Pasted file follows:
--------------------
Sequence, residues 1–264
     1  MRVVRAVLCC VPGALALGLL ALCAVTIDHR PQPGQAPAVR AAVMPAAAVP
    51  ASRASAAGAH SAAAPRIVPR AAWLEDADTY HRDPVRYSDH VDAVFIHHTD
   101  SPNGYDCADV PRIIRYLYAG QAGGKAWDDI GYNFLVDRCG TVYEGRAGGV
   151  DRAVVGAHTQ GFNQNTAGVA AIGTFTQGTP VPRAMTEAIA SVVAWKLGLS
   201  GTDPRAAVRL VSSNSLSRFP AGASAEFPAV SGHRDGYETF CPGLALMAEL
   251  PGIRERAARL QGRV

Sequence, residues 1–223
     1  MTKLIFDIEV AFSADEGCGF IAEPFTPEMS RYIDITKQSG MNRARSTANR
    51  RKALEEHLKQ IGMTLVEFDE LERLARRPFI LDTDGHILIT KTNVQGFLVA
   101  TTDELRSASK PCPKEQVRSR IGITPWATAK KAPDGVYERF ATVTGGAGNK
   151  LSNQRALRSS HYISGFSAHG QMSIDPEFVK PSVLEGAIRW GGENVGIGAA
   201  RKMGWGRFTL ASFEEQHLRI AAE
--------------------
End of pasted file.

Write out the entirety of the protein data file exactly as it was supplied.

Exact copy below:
Sequence, residues 1–264
     1  MRVVRAVLCC VPGALALGLL ALCAVTIDHR PQPGQAPAVR AAVMPAAAVP
    51  ASRASAAGAH SAAAPRIVPR AAWLEDADTY HRDPVRYSDH VDAVFIHHTD
   101  SPNGYDCADV PRIIRYLYAG QAGGKAWDDI GYNFLVDRCG TVYEGRAGGV
   151  DRAVVGAHTQ GFNQNTAGVA AIGTFTQGTP VPRAMTEAIA SVVAWKLGLS
   201  GTDPRAAVRL VSSNSLSRFP AGASAEFPAV SGHRDGYETF CPGLALMAEL
   251  PGIRERAARL QGRV

Sequence, residues 1–223
     1  MTKLIFDIEV AFSADEGCGF IAEPFTPEMS RYIDITKQSG MNRARSTANR
    51  RKALEEHLKQ IGMTLVEFDE LERLARRPFI LDTDGHILIT KTNVQGFLVA
   101  TTDELRSASK PCPKEQVRSR IGITPWATAK KAPDGVYERF ATVTGGAGNK
   151  LSNQRALRSS HYISGFSAHG QMSIDPEFVK PSVLEGAIRW GGENVGIGAA
   201  RKMGWGRFTL ASFEEQHLRI AAE